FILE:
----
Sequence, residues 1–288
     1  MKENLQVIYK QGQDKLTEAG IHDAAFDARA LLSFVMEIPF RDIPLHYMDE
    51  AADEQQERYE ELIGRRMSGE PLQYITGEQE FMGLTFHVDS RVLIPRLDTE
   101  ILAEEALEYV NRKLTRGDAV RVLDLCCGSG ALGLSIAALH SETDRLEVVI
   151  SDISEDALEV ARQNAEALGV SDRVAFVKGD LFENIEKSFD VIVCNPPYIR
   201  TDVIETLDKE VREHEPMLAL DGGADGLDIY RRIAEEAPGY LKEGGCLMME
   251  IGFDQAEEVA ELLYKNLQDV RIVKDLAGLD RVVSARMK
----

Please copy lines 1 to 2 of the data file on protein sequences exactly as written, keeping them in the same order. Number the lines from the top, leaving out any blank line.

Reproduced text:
Sequence, residues 1–288
     1  MKENLQVIYK QGQDKLTEAG IHDAAFDARA LLSFVMEIPF RDIPLHYMDE